instagram pinterest linkedin facebook twitter goodreads

Alligators and Crocodiles! Strange and Wonderful

The Story Behind the Book

Like all writers, I aim to "hook" readers in my first few sentences, luring them to keep on reading. Sometimes I think about this beginning, or lead, months before I actually begin all-out work on a book. I'm very happy with the way this book starts: with the sounds of baby 'gators, still in their eggs. And then--not by accident--page 3 ends with a question: "Where was their mother?" You have to turn the page, keep on reading, to find out if she shows up. And a little story continues, telling how Mom helps her young out of their eggs, and keeps on caring for them. Only on page 6 does the reader meet the first nonfiction sentence: "Few people know that mother alligators give tender care to their young."

As it turns out, this beginning caught the attention of a distinguished expert on children's literature, Kathleen Horning, Director of the Cooperative Children's Books Center at the University of Wisconsin-Madison. In the 2010 revised edition of From Cover to Cover: Evaluating and Reviewing Children's Books, she quotes the book's opening sentences ("Erk, erk, erk" etc. through "Where was their mother?"). She writes, "Laurence Pringle is a master at writing dynamic prose in his science books for children." She adds, "In spite of the simplicity of the language Pringle uses, he does not talk down to his young readers. His tone shows that he has respect for their intelligence."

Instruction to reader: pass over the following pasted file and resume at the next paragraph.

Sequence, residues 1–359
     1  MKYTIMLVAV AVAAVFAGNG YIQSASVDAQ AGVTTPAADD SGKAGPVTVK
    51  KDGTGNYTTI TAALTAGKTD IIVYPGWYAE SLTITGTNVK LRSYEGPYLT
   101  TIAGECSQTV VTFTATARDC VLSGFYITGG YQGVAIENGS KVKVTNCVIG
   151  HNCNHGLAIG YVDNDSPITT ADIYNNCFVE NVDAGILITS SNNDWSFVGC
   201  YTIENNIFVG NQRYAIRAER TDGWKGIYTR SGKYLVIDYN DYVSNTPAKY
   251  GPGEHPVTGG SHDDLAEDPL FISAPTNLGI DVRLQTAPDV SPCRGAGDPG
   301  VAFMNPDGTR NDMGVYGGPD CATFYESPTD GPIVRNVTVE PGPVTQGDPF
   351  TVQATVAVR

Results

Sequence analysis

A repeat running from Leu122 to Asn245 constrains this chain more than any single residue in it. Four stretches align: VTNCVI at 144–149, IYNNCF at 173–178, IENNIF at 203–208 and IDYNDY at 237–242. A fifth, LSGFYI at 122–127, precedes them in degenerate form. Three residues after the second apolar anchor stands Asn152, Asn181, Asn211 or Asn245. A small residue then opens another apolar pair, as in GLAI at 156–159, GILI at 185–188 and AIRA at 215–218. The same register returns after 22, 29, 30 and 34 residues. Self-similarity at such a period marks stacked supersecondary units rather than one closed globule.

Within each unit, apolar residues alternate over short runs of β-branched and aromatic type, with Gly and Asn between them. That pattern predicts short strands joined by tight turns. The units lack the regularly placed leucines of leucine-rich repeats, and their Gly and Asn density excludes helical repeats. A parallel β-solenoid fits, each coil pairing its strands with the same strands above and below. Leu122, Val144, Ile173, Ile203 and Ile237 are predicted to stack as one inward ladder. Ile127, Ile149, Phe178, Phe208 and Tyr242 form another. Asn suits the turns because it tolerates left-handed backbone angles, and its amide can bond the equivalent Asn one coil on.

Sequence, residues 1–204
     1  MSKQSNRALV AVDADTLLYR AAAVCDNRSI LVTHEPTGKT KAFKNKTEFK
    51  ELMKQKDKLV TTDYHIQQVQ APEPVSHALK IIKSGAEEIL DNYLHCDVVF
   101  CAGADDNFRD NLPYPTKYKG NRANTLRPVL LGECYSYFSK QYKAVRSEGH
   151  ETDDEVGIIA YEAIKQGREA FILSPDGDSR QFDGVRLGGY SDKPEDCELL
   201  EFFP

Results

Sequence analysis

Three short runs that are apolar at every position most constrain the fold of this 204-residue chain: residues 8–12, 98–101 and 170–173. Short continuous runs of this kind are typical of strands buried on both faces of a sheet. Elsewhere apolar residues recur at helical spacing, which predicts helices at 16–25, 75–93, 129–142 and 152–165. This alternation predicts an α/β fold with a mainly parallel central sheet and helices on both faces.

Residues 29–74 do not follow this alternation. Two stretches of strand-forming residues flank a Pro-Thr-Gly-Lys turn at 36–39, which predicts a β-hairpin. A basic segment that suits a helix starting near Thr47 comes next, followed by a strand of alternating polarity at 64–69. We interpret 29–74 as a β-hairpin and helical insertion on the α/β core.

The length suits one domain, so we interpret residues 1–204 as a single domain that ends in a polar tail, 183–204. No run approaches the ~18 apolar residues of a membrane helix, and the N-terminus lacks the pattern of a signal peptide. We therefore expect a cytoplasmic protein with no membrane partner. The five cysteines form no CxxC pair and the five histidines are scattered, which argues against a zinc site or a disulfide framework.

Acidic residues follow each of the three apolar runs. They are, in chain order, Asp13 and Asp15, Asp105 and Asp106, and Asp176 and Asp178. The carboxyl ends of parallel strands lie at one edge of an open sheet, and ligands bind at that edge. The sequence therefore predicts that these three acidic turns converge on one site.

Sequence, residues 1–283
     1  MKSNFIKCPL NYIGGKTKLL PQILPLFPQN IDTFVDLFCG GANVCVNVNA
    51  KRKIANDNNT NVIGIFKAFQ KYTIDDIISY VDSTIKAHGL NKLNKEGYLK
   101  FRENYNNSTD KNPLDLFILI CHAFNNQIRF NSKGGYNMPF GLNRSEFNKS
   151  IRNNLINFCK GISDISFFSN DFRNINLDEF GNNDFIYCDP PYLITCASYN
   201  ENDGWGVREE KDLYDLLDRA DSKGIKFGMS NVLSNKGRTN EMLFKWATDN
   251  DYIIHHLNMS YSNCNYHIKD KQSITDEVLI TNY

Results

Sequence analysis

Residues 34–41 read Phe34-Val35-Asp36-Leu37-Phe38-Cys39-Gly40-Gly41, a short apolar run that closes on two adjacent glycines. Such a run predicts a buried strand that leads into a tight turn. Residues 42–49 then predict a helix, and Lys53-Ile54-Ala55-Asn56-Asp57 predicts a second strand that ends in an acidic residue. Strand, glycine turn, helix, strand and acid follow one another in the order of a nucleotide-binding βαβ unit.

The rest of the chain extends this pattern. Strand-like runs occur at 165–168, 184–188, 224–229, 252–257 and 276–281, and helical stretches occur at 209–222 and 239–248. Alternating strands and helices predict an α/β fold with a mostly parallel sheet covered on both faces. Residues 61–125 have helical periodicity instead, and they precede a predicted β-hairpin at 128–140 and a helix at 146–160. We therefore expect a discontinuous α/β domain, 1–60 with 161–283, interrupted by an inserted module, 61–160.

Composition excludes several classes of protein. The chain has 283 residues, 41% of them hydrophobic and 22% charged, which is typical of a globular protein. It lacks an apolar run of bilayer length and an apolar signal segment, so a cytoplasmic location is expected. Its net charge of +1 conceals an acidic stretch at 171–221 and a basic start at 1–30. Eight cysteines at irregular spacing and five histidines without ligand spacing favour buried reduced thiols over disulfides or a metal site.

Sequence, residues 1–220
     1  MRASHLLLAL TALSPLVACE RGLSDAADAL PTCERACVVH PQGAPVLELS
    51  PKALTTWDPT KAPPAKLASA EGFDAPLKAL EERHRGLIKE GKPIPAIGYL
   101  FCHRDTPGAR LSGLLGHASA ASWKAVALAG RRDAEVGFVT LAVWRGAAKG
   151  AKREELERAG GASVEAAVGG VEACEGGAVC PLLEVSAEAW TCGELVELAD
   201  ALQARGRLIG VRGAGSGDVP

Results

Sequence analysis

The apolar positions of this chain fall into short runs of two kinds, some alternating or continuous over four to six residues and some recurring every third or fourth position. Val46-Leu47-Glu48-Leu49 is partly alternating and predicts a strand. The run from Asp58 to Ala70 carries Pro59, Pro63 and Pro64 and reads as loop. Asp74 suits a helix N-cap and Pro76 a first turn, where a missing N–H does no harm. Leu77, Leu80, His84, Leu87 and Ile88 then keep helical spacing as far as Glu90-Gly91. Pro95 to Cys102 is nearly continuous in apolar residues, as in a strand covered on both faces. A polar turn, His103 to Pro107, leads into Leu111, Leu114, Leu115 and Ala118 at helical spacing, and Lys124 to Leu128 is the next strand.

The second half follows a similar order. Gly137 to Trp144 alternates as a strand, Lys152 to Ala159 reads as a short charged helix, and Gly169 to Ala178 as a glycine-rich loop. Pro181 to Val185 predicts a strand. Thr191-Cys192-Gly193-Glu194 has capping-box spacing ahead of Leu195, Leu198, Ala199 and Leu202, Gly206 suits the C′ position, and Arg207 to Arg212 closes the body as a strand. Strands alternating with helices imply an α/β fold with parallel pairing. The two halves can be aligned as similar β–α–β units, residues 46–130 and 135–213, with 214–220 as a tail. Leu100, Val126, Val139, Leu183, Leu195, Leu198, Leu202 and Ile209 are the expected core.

The book's cover shows heads of an alligator and a crocodile (the same art as on page 15). Many people wonder how to tell these reptiles apart, and an expert reader helped, telling me that the nostrils are a big clue. They are close together in crocodiles, farther apart in alligators. I added a sentence and a label to emphasize that. Also, in my research--in books and scientific magazines--I had read that American alligators can grow to be 20 feet long. However, a Florida biologist who checked my writing, and the art, said that the largest were 15 1/2 feet long. I trusted his judgment and experience, so the label on page 12 says 15 1/2 feet!